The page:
Even worse, my mother and I were browsing Star Wars costumes on the Internet, and almost every female costume for adults that we saw was SEXY. For every Darth Vader costume for males, there was a Sexy Sabine or Sexy Leia costume in revealing dresses that they were NEVER portrayed as wearing in the movies…or, even worse, a Sexy Darth Vader, complete with skintight “armor” and a miniskirt. Boys could have actual costumes that were actually relevant, true to the movies, heroic-looking, and covered them up well. If they were real heroes, they would be able to move, fight, and win in the outfits. Girls’ costumes needed to be sexy, skintight, and disturbingly explicit. There would be no way they would be able to move around or fight in those costumes, let alone do anything but LOOK pretty. The boys looked like heroes. The girls looked like objects for the boys to win. (On another note, wouldn’t people who wore those costumes be cold on Halloween? I mean, it’s an autumn night at the end of October. It’s going to be cold. People need to be covered up and warm, and sexy costumes are disturbingly impractical.) I decided to dress as a Jedi for Halloween. Since so many people were going to dress as human Jedi, I decided to do something different and go as an alien Jedi – a Twi’lek, which is the alien race of Hera from “Rebels”. We were browsing pictures of Twi’leks online, and all of the shown pictures looked disturbingly sexy and explicit – anorexic, supermodel-looking extraterrestrials with impossibly large breasts and barely anything to hide their privates. We had to look and look to find a picture of a Twi’lek that was actually well-covered-up, in cool Jedi robes, that actually looked appropriate. That is what I’m going as for Halloween. Interestingly, all the male Twi’leks were muscular, heroic, and not explicit at all. Hmm…I wonder why?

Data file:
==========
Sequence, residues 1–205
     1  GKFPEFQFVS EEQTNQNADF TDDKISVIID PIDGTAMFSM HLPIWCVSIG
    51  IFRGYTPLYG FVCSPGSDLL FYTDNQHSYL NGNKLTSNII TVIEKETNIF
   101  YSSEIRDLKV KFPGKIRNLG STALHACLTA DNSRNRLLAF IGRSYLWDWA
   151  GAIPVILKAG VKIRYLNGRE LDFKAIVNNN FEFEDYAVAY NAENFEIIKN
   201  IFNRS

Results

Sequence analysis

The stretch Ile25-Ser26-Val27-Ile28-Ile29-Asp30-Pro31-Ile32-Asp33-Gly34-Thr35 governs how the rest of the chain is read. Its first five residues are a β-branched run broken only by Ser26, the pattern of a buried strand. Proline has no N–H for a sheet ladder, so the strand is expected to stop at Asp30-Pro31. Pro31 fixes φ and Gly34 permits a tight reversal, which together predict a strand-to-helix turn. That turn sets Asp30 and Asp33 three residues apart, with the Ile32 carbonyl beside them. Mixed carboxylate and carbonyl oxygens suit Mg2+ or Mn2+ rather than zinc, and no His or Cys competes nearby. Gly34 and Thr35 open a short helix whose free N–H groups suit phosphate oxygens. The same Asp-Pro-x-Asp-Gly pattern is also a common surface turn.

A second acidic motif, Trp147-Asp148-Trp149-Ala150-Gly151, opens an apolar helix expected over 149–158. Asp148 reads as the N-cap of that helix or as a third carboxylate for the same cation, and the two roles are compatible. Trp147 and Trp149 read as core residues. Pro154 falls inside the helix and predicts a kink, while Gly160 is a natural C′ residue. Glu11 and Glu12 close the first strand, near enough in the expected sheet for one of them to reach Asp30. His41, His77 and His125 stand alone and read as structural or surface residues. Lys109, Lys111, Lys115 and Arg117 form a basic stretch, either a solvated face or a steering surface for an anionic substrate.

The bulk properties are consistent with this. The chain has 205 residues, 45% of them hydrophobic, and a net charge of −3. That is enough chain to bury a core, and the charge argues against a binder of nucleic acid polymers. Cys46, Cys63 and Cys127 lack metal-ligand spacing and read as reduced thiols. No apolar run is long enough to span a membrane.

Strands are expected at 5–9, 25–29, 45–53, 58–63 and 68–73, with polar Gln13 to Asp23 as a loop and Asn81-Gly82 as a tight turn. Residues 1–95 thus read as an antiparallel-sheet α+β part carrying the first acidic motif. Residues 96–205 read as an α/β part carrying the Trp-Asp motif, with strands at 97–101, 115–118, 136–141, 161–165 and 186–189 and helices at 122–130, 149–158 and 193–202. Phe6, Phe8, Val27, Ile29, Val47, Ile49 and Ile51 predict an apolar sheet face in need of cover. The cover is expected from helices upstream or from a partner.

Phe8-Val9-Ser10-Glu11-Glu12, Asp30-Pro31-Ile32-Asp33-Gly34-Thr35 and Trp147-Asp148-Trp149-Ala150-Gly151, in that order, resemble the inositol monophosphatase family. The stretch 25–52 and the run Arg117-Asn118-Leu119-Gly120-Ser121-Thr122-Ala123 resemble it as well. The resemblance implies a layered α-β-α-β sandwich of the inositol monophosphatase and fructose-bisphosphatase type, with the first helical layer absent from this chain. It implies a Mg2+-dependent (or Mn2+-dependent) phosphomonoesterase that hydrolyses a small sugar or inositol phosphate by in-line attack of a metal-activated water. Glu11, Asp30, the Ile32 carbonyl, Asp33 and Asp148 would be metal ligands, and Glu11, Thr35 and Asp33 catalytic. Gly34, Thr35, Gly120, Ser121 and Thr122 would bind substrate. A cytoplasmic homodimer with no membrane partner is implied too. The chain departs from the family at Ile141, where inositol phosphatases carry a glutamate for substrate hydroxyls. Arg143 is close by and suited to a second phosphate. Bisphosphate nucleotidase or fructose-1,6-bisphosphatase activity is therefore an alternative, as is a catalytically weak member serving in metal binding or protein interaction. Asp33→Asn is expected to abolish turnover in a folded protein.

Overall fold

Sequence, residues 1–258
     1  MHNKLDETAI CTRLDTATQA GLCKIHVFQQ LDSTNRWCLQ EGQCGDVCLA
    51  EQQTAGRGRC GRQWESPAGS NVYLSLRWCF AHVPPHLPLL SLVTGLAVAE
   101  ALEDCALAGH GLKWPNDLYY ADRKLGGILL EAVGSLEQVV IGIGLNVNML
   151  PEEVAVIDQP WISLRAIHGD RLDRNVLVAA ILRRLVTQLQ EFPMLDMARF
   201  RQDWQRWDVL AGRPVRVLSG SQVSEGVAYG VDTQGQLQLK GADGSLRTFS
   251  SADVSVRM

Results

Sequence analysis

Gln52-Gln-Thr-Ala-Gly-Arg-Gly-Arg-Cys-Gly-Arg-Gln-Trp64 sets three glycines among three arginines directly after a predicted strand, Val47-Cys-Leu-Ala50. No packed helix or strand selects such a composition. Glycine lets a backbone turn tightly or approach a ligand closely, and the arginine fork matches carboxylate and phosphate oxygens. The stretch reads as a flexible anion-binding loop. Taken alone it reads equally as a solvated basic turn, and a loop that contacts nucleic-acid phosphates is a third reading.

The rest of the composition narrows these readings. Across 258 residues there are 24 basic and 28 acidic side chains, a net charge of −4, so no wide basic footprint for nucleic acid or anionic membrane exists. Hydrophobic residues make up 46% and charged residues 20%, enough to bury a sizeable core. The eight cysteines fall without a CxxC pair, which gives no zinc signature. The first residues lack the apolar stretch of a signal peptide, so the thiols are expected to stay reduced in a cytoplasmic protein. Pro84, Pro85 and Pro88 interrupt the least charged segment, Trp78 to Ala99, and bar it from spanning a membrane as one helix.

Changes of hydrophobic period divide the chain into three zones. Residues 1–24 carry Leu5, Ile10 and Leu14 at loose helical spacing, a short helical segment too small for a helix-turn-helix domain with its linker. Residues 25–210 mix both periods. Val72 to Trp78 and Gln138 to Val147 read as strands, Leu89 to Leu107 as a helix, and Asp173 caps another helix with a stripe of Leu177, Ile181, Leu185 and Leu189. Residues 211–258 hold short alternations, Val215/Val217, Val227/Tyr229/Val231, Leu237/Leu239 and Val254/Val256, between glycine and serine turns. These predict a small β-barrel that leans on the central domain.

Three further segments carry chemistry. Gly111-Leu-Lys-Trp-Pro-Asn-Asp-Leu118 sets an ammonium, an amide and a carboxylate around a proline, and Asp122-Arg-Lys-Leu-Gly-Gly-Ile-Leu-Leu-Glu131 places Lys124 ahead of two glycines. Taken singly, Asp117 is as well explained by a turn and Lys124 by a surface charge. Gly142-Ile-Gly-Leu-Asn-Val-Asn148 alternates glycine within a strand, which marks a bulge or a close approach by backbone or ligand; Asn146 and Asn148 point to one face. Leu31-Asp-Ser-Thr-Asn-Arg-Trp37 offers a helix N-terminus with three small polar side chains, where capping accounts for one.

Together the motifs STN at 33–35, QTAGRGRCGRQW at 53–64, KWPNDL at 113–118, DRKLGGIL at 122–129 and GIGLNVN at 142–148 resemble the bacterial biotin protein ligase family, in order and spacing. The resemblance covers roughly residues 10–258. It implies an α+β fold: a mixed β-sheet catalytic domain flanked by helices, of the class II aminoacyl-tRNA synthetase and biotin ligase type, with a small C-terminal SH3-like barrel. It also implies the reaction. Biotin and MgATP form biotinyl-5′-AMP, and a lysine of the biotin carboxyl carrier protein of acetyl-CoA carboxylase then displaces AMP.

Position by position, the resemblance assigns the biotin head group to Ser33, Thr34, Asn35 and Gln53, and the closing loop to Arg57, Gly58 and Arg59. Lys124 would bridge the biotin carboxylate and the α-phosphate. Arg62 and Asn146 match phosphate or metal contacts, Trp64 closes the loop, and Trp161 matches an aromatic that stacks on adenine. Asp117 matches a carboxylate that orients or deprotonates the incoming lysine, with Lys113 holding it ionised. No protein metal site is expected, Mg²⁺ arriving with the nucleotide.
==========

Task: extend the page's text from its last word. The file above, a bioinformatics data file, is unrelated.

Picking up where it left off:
In conclusion, I would like to thank you for starting up this blog and making the sexism that plagues our society known to the world, especially in the fantasy inhabited by kids. When we are children, our minds are most vulnerable and open to new ideas, and when marketers shape those minds with sexism, that is a terrible thing. Thank you for helping make those ideas known to society and doing your part to eradicate sexism, empower women, and ultimately, lead to true gender equality.
Today 19 yr old Owen Labrie was found not guilty of raping a 15 year old girl. At the trial, she spent more time on the stand than he did, said he bit her, scraped the inside of her vagina, and that she said no to him several times. The New York Times reports:
“Crying on the stand here, she described the sex acts she said he performed, saying he spit on her, and called her a tease. ‘At one point, I was in so much pain that I jerked backwards.’
Labrie said they never had sex. The jury of 9 men and 3 women convicted him for a lesser charge of aggravated sexual assault.
Labrie and his accuser both went to boarding school at St. Paul’s in Concord, N.H. where he was a soccer captain and straight A student. The night in question was part of “senior salute,” a school tradition “when older students ask younger ones to join them for a walk, a kiss, or more.” Labrie had ” a special key that prosecutors have said had been used and passed around by older boys seeking privacy.” The New York Times reports: